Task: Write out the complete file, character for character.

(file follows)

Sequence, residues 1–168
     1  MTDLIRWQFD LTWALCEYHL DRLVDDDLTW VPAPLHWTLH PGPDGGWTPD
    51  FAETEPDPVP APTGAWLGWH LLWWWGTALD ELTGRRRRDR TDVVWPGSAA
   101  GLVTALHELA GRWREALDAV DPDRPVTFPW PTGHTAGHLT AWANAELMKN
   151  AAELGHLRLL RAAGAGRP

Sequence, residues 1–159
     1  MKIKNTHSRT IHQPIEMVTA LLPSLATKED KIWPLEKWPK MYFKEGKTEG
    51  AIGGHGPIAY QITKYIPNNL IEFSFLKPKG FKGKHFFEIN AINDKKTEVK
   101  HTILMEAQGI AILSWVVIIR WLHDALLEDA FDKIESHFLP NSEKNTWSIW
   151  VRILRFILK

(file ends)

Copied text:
Sequence, residues 1–168
     1  MTDLIRWQFD LTWALCEYHL DRLVDDDLTW VPAPLHWTLH PGPDGGWTPD
    51  FAETEPDPVP APTGAWLGWH LLWWWGTALD ELTGRRRRDR TDVVWPGSAA
   101  GLVTALHELA GRWREALDAV DPDRPVTFPW PTGHTAGHLT AWANAELMKN
   151  AAELGHLRLL RAAGAGRP

Sequence, residues 1–159
     1  MKIKNTHSRT IHQPIEMVTA LLPSLATKED KIWPLEKWPK MYFKEGKTEG
    51  AIGGHGPIAY QITKYIPNNL IEFSFLKPKG FKGKHFFEIN AINDKKTEVK
   101  HTILMEAQGI AILSWVVIIR WLHDALLEDA FDKIESHFLP NSEKNTWSIW
   151  VRILRFILK